It’s no surprise when someone adopts healthier eating habits when they’re trying to slim down and look their best for summer. However, rarely do we hear about someone eating healthier in an effort to improve their cognitive skills. A recent study published in the American Academy of Neurology’s journal Neurology has found that adhering to a healthy diet can lower a person’s risk for suffering a decline in memory and thinking as they get older.
It’s time to dump the excuses For a Healthier Lifesyle
By Cindy Brauer
Sore knees keeping you from a brisk walk through Valley Forge? Waiting out an aching back before hitting the Y? Ironically, lack of exercise is likely the reason your body is inflamed. Waiting for it to magically heal itself is not only dangerous but could be making it worse. It’s time to dump the excuses and start cycling, hiking and even singing your way back to a healthier and happier lifestyle. You would be surprised at how quickly and favorably your body will respond to even a moderate, low-impact workout.
Did you know that every one pound gained puts approximately three to 10 pounds more pressure on your knees when walking, running or climbing stairs? Wincing through a barre class may seem overwhelming at first, but keeping your weight healthy, your muscles flexible and your bones strong are essential to pain relief. The endorphin high after a romp on the Radnor Trail can help ease depression; a weekly dance class can work wonders, increasing memory skills and warding off dementia.
No one knows the magical healing benefits of exercise better than the staff at Bryn Mawr Rehab. Domenica Hottenstein of Paoli is a rehab nurse for patients with brain or joint injuries. “Daily exercise is paramount in the rehabilitation process. We get each patient on his or her feet every day no matter what current condition. Even if they are unable to move themselves, our specialists will physically move them until they can.” Domenica says she still marvels at how quickly the human body can recover as long as it keeps pushing its limits every day.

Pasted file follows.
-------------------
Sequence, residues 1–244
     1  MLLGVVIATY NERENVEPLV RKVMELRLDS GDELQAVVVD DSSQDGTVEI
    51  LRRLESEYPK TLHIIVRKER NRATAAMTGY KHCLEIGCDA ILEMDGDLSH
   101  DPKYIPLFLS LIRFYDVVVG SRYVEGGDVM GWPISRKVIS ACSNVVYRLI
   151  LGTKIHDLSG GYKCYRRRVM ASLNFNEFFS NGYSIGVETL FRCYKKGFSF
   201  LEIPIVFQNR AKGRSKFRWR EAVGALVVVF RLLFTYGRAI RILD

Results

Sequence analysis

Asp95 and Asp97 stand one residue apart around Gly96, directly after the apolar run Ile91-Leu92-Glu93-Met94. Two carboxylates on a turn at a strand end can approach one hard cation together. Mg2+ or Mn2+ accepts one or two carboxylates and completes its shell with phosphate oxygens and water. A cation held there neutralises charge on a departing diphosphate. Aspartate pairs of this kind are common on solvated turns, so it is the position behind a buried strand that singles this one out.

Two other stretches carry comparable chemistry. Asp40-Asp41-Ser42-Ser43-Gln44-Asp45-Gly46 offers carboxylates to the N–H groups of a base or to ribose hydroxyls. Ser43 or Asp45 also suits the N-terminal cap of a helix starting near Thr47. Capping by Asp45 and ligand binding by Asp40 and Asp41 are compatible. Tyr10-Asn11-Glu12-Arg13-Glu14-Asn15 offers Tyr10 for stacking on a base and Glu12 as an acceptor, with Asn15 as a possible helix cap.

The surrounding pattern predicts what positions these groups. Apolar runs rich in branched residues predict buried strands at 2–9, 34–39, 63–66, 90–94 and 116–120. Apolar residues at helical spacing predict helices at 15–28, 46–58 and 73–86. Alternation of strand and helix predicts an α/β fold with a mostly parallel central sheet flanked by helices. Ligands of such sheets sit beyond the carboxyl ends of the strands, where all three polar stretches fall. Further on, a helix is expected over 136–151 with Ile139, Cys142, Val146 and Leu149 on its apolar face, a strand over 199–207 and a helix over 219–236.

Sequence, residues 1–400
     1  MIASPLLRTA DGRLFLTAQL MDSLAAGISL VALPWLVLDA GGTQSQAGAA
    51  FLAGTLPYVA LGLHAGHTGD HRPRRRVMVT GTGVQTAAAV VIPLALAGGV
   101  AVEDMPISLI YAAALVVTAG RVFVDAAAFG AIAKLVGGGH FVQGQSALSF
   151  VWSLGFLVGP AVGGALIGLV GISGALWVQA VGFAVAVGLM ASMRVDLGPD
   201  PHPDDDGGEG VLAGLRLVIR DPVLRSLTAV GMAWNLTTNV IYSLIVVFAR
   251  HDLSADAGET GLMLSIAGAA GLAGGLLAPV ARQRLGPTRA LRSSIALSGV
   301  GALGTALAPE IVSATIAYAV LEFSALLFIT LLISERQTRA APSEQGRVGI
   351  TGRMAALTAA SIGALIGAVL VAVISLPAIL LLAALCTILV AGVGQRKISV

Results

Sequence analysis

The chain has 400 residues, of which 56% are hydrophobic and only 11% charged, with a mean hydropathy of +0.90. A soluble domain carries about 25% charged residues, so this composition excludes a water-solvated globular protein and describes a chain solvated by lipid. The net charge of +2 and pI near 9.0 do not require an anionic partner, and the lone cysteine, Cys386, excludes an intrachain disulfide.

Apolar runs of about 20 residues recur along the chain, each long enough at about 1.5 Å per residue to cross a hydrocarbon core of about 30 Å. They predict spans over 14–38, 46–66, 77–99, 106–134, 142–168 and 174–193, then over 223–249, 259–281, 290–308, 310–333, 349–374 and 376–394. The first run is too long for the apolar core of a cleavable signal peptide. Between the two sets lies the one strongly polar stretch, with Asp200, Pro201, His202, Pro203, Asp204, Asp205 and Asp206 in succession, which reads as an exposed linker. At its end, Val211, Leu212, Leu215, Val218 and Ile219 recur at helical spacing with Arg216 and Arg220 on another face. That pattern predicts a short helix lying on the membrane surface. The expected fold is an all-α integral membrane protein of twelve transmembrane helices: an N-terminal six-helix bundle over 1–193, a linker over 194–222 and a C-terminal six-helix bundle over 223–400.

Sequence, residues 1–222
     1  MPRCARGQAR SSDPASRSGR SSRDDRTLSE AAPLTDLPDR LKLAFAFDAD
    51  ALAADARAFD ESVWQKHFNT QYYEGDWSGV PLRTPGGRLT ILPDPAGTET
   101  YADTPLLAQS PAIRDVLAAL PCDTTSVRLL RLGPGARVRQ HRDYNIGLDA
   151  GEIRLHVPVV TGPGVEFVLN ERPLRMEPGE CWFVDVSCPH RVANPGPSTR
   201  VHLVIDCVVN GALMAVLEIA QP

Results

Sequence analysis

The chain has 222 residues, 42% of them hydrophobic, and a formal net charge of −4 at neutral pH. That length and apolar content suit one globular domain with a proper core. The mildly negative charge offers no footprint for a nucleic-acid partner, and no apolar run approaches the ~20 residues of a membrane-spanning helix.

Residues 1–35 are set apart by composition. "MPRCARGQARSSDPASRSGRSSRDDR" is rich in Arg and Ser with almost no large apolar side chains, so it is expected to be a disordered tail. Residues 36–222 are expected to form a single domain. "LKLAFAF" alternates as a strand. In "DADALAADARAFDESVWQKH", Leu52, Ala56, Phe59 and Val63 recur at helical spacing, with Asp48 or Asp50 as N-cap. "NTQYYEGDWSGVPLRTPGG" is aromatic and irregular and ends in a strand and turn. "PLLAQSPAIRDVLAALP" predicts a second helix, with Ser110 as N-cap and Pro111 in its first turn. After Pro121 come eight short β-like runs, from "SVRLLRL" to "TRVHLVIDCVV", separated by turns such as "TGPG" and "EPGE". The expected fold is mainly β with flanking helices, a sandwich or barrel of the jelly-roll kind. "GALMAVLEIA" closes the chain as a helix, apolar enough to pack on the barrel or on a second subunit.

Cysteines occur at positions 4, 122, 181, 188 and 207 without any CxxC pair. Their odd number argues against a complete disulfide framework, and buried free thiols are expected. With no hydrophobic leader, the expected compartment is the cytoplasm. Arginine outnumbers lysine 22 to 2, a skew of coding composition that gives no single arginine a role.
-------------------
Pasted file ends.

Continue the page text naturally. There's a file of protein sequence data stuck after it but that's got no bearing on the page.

This lesson became very real for Domenica, 49, last winter when she slipped on black ice and severely injured her ankle, requiring surgery, bed rest and a long recovery process. An active runner, Mojo friend and busy mother of three teenagers, she was devastated but she didn’t sit still for long. “I knew it would get better if I did the time,” Domenica says, “and if I didn’t try to stay in shape, it would take twice as long for me to recover.” With the assistance of her doctor and physical therapist, Domenica developed a workout regimen with high-intensity upper-body movements and lots of loud music. It worked. Less than a year later, she is as fit, trim and youthful as she was before her injury.
High intensity/Low-impact tips
As they say, if it doesn’t challenge you, it won’t change you. It’s up to you to be creative and persistent in finding enjoyable activities that push you physically. Even moderate exercise can do wonders to ease pain and keep your weight in check. Consult your doctor and/or physical therapist to learn your limitations, but don’t let them become a “reason” to sit on the sidelines.